Climate emergency: The new science showing it’s make-or-break time

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As climate talks ramp up ahead of the crucial COP26 meeting in Glasgow, new research on what our carbon emissions are doing to the planet paints a disturbing picture



Environment



21 April 2021

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Pete Reynolds

SHALL we start with the good news or the bad news? The good news is that the world has made some progress in cutting the carbon emissions driving climate change. The bad news is that it is by no means enough, and emerging research suggests that the impact of the emissions we are pumping into the atmosphere could be even greater than we feared.

“The science, if anything, has become more pessimistic,” says Stefan Rahmstorf, a climate scientist at the University of Potsdam, Germany. “The signs from the science are pointing towards more urgent climate action being needed.”

To have a chance of averting catastrophe, we must get to “net-zero” emissions – where we are putting carbon dioxide into the atmosphere no more quickly than Earth’s natural processes or yet-to-be-developed technologies can remove them – in less than three decades.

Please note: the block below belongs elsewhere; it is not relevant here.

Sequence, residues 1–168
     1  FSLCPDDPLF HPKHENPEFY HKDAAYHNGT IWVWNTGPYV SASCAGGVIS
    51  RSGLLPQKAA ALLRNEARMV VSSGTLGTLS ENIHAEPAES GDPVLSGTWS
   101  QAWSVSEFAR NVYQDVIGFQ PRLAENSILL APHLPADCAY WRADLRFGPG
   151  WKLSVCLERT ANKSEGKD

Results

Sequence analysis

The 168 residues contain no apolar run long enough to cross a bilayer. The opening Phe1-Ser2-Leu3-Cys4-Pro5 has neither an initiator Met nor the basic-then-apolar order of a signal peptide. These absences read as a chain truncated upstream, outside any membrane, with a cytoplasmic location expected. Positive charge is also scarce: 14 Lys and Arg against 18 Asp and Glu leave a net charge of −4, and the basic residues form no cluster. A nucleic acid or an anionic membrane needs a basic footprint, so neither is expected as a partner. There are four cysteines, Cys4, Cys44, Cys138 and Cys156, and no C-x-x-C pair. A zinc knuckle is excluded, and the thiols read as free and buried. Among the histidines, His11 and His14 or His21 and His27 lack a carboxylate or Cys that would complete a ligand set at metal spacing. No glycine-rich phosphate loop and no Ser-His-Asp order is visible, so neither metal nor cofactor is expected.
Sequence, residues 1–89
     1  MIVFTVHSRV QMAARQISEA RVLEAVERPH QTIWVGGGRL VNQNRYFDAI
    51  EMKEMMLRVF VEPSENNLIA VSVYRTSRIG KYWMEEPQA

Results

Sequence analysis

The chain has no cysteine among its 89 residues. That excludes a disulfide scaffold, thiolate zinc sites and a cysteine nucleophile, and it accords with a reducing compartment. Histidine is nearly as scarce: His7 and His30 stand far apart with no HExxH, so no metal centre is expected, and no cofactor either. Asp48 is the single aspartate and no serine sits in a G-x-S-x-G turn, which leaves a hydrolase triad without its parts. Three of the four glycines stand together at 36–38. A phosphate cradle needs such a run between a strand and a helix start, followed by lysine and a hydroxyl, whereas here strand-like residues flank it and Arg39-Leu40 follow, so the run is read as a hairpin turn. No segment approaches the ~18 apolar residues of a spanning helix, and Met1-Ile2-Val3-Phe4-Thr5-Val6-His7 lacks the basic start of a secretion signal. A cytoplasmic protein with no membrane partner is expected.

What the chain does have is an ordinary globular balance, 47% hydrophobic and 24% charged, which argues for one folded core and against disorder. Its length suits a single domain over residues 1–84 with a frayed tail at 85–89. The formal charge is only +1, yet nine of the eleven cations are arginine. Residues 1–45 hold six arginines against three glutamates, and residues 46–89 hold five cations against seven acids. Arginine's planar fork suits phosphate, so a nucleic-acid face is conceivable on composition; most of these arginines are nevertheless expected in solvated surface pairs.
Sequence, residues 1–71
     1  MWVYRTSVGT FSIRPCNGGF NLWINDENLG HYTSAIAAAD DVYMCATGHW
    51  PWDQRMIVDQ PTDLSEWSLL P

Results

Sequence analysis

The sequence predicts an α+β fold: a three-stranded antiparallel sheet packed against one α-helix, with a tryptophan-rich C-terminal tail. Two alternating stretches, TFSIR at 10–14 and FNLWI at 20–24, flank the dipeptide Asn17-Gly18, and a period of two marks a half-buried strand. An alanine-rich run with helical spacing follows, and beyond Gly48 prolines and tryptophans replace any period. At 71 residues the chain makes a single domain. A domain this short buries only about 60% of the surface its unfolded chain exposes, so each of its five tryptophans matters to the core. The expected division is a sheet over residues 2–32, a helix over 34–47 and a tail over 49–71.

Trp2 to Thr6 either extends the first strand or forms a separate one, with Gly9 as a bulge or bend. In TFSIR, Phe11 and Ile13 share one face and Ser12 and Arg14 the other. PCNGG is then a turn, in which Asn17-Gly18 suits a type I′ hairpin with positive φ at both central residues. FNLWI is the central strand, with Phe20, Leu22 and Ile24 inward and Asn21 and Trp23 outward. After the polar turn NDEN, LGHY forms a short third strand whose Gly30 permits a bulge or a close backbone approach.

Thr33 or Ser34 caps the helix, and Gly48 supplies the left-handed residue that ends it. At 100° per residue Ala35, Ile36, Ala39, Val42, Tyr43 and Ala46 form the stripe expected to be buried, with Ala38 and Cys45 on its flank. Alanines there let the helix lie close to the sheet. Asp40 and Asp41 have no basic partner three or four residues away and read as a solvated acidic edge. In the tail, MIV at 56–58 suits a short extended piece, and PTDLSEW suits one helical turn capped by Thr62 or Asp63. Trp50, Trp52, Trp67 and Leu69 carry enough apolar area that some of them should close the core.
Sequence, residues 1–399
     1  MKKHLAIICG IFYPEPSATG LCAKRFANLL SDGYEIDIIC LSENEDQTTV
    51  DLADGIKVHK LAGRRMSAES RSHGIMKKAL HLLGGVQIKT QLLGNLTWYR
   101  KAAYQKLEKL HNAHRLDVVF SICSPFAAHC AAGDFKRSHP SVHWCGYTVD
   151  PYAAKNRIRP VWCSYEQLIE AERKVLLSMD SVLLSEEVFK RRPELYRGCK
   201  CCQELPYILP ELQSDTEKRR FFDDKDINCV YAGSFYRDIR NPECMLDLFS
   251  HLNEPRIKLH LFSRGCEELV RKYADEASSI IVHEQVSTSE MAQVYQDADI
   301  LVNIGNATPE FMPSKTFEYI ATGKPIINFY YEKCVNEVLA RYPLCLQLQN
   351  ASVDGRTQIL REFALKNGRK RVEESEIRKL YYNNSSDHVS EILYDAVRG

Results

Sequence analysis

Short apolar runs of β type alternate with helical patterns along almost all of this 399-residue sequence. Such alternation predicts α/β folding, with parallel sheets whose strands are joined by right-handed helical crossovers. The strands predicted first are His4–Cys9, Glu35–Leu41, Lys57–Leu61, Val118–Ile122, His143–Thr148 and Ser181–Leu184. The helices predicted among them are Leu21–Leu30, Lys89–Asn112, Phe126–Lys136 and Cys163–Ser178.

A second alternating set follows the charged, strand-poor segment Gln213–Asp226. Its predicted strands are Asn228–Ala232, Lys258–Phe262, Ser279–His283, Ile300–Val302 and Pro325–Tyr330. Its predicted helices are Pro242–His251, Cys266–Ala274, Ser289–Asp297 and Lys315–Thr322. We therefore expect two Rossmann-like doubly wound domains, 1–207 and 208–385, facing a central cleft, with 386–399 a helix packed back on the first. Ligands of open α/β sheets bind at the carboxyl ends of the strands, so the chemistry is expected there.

Most countries haven’t yet got credible plans to produce the sort of emissions cuts needed, let alone to implement them. The question then becomes: how bad could it get if we fail to take the drastic action required now?

The fate of much life on the planet depends on three main factors. First, how much more CO2 we add to the atmosphere. Second, how the planet changes in response to all that extra CO2: how much it will warm the planet, and its impact on sea level rise and extreme weather. Third, how well we prepare for the coming changes.

Of these factors, by far the most important is how much CO2 we are emitting. This is what is causing climate change and it is …

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